Rev. Brent Wiescamp

I like the moon, as anyone that knows me very well can attest. I am not sure why I do. Perhaps it is because it is the only heavenly body where mankind has set foot. 

Perhaps it is the fact that something so far away has such an effect on the tides. Perhaps its constant change is what draws me in.

Most humans are not fond of change. Change often results in uncertainty. Uncertainty often causes anxiety and worry over the unknown. 

The changes in the moon are known and predictable. We know when it will rise in the east and set in the west. 

We know when the earth’s shadow will cause a lunar eclipse and which portions of the world will be able to view the eclipse. 

It is not the change, in and of itself, that causes anxiety but unpredictable change.

The COVID-19 pandemic is responsible for the most unpredictable change that I have ever experienced. 

I experienced the Loma Prieta earthquake in the Bay Area of California in 1989. In the spring of 2019, I was forced to evacuate my home in Tulsa, Oklahoma as the Arkansas River threatened to burst its levies and flood my neighborhood. 

Both of these experiences, while worrisome, were relatively short in duration and localized in scope. COVID has been neither short in duration nor limited in its scope.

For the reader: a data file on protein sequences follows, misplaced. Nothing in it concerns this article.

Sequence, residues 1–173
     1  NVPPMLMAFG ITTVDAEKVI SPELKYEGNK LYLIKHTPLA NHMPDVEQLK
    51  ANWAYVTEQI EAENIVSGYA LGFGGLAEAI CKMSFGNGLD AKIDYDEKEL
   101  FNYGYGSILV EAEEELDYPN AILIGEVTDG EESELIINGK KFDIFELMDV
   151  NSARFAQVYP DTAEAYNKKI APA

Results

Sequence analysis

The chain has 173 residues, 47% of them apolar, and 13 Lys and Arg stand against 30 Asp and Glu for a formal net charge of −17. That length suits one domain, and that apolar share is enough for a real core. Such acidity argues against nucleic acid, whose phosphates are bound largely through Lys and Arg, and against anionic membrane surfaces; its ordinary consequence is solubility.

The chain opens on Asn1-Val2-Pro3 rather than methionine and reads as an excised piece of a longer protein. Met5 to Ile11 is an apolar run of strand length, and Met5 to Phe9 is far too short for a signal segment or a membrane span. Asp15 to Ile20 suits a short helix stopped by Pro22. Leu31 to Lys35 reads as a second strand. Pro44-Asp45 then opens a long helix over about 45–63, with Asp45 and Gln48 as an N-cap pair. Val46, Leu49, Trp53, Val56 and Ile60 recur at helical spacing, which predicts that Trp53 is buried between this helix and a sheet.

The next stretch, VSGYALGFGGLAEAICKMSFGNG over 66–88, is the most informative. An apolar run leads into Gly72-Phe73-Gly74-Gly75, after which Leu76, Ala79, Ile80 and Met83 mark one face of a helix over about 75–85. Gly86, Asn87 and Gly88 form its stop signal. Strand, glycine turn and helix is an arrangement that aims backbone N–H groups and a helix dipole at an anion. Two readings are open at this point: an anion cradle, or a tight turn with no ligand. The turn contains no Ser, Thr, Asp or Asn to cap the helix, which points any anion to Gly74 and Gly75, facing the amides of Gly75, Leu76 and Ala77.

I have been asked by many about my thoughts on COVID and its relationship to God and my beliefs. 

What I do believe is that the pandemic has offered the world an opportunity for sabbath. It has offered a detour away from the normal day-to-day. 

It has offered an opportunity to sit back and examine the way we operate in relationship with all of God’s children and the whole of God’s creation. In general, our response in this country has instead been noisy rhetoric and violence. 

God is anything but predictable to mere mortals. But what is predictable about God is that God is always present with us. 

God will always offer grace and mercy. God’s steadfast love endures forever. That is one of the main sources of my own reassurance when things seem out of control. 

I often must remind myself of this and remind myself that God gave the example of sabbath after working for six days creating the universe. 

Being intentional about creating sabbath for myself has not yet been something that I have made a priority for myself. It is in those times when I am best able to listen for God’s still small voice. 

When God sent the prophet Elijah to Mount Horeb, Elijah did not find God’s presence in a strong wind, an earthquake, nor a fire. God was not found in the destruction, noise, and violence of those things. 

God’s presence was found, instead, in the sheer silence that followed those three. 

One of the benefits that sabbath can provide is silence. It can provide shelter from the din and noise of the world. It can provide for a heart that listens intently for God’s will. 

Our response to the sabbath provided should be to live into the rest provided, seek God’s will, and turn away from the noise and violence offered elsewhere. May it be so.

Brent Wiescamp is pastor of First Christian Church in Salida.

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